We keep stalks of sugarcane in a galvanized bucket on the table in front of the wood-burning stove, using them to flavor a roast the way other restaurants might use a few sprigs of thyme or rosemary. We split open a piece and throw it into the pan to highlight whatever natural sweetness will be brought out by the fire. When we get a delivery of sugarcane, we hack the long stalks in 2-foot pieces with a machete; you might be able to find smaller pieces in a Mexican grocery or even at Whole Foods.
1. Preheat the oven to 375°F.
2. Put the beets, sugarcane, if using, and basil in a baking dish and fill about one-third full with water. Cover tightly with aluminum foil and bake for 45 to 60 minutes, until a knife pierces all the way through a beet easily. Remove the beets from the liquid and let cool slightly. Increase the oven temperature to 425°F.
3. Meanwhile, make the avocado-habanero crema: Combine all the ingredients in a blender and blend on high for about 10 seconds. Turn off the blender and scrape down the sides with a rubber spatula to make sure everything gets a turn. Repeat until a smooth cream forms—this will take more than a few tries. Season to taste if necessary. Transfer to a bowl, cover, and refrigerate for about 30 minutes, or until ready to serve.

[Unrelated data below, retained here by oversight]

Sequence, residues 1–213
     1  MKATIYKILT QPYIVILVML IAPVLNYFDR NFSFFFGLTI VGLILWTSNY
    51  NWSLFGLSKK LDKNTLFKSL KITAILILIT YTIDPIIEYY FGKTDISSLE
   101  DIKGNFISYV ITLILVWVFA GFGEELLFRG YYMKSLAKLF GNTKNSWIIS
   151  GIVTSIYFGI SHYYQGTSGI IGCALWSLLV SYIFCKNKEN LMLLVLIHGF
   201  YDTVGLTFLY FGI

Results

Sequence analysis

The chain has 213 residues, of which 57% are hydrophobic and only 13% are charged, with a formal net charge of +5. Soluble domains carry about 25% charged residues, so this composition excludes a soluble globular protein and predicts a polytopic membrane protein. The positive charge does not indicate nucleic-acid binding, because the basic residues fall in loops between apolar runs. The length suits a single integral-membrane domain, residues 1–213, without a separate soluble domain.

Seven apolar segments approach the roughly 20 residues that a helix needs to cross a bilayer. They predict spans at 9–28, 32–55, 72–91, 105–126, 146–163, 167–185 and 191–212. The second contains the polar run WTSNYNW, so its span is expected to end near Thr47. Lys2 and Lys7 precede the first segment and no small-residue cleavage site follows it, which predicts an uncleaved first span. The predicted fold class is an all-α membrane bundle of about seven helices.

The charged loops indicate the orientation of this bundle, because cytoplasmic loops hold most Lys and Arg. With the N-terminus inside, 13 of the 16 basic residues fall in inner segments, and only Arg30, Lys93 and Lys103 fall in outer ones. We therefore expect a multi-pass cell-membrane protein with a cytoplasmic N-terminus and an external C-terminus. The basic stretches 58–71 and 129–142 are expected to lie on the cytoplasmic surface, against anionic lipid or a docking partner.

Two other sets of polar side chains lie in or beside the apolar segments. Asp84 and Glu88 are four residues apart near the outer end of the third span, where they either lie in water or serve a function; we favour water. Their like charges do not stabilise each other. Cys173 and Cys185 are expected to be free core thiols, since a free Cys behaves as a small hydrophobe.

4. Cut the beets in half and place in a large cast-iron skillet. Drizzle with olive oil and sprinkle with salt and pepper. Roast for 15 to 20 minutes, until the beets are hot all the way though and the ends have started to crisp up.
5. Serve the beets topped with the crema, dusted with allspice and chile lime salt.
Chile Lime Salt
Makes about 2 tablespoons
Our version of a finishing salt, this brings a note of intrigue to any dish. It’s simple to make: Toast dried árbol chiles in a cast-iron pan, pulverize them in a spice grinder, and mix in lime zest and salt. That’s it. The smoky, spicy, tangy salt is just the right flourish for grilled fish, but you can use it in or on just about any dish. We sprinkle it over the odd-shaped pieces left over when we make jicama salad, or you could use it on radishes or eggs.
1. Toast the chiles in a dry cast-iron skillet over medium-low heat until fragrant, about 2 minutes. Let cool. Pulse the chiles in a spice grinder to a fine powder. Mix with the salt and lime zest. Store in a tightly sealed jar in a cool place.
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Excerpted from Hartwood by Eric Werner and Mya Henry (Artisan Books). Copyright © 2015. Photographs by Gentl & Hyers.